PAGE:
By Prof. Abdelkader Kara, University of Central Florida, USA.
Organic materials are playing an increasing role in electronics and particularly in energy related systems such as photo-voltaic for energy harvesting and light emitting diodes for lighting. A great amount of research has been devoted to this field in the last couple of decades. Due to the complex nature of bonding at the interface between these materials and the contact material, to form a device, an accurate and deep understanding of the characteristics of this interface is lacking. Density Functional Theory (DFT) provided a very strong tool to study a variety of systems, including metal substrates. On the other hand, van der Waals (vdW) approaches model quiet well the characteristics of organic materials. However, when the contact is made between organic materials and metal surfaces, several phenomena enter into play, making the system poorly described by either of those two approaches. Recently, efforts have been spent to introduce self-consistently van der Waals interactions into DFT, which I systematically explored for many molecule/metal systems.
These computational studies use both standard density functional theory (DFT) as well as exploiting the self-consistent inclusion of dispersive (vdW) forces, with the aim of obtaining their effects and dependence on the surface chemical and structural properties. I will present the results on how the interface characteristics between organic materials and metal surfaces change with the characteristics of molecules, the degree of reactivity, as well as the geometry of the surface. The results obtained for the adsorption of acenes, thiols and other molecules with CN groups on several transition metal surfaces (Au, Ag, Cu, Ni, Pd, Pt and Rh) will be presented.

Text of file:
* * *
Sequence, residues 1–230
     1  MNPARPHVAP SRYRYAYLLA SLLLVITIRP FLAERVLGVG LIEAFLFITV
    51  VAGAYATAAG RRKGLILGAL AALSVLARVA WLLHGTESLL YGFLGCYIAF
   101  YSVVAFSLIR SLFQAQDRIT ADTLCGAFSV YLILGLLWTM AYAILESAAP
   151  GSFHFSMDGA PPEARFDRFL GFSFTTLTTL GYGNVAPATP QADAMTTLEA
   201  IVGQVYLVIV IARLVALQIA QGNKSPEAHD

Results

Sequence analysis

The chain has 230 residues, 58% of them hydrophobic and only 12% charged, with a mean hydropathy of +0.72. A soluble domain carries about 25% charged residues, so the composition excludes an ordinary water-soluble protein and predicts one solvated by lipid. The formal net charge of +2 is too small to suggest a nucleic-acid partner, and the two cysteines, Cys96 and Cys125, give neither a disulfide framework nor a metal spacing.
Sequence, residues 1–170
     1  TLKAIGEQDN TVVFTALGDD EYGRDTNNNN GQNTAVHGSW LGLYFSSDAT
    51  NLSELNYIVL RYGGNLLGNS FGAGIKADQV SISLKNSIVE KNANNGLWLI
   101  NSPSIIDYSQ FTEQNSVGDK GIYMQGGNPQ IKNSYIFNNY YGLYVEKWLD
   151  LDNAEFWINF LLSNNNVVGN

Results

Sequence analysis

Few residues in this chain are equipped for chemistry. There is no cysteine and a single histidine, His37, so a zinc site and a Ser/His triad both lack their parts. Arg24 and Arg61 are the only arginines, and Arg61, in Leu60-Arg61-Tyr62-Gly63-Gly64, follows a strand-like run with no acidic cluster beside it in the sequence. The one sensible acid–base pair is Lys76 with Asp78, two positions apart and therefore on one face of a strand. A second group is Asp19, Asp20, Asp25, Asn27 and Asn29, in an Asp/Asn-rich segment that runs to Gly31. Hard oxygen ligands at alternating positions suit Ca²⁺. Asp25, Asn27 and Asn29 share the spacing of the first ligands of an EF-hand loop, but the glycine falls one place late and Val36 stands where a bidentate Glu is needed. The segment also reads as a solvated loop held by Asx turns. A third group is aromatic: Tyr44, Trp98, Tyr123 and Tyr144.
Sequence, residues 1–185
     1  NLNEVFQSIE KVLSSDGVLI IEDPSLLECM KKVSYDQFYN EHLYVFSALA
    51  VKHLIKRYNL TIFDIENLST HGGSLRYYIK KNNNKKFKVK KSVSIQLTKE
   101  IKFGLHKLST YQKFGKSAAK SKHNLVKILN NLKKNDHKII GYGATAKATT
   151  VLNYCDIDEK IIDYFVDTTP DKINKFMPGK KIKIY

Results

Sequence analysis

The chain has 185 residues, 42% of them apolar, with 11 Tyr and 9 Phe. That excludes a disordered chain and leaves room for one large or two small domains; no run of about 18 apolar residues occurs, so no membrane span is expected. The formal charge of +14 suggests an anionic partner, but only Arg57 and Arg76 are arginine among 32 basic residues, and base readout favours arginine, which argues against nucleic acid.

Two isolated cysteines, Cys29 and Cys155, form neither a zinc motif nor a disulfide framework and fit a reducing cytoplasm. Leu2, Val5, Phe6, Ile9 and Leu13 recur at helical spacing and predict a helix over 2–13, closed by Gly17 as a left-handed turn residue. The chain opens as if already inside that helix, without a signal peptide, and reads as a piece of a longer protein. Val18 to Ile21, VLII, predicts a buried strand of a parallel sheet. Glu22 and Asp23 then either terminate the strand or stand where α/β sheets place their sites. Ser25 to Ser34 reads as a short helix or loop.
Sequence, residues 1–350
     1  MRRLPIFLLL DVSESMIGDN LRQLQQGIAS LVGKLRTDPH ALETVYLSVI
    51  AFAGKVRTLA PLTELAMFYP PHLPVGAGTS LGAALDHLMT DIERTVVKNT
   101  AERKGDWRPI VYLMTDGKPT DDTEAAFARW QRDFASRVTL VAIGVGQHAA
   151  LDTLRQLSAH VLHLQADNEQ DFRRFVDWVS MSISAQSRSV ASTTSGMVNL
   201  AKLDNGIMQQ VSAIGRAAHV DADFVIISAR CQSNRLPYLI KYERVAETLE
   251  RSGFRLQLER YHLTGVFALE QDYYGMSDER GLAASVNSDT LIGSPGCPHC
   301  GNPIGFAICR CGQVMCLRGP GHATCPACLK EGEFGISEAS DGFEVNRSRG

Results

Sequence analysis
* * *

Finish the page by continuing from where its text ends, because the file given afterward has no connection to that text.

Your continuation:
Professor Abdelkader Kara joined the Physics Department at the University of Central Florida, the second largest university in the USA in 2006. He obtained his PhD in 1985 from the University of Lille and CEA Saclay. He worked at several Universities in the USA and England. Prof. Kara is a trained experimentalist and computational scientist. Though his main research is on the computational front, he regularly participates in experimental research.
His research activities include the computational study of 2D materials on metal surfaces. Professor Kara has developed several computational tools that include a Real Space Green’s Function method to calculate the phonons of complex materials. He also developed a new smart Kinetic Monte Carlo method (SL-KMC) that uses artificial intelligence. Several researchers have followed his foot-steps in developing a new paradigm for KMC.
He is currently exploring the van der Waals effects in organic materials/metal surfaces interactions.
He is one of the pioneers in the field of Silicene, the silicon counterpart of graphene.
Professor Kara received several awards for teaching and research and he is a recipient of the Scroll & Quill Award for Excellence in Research.
Professor Kara published over 150 well cited papers and reviews in high impact journals. He also organizes international meetings, workshops and summer schools in Morocco, France, USA and China.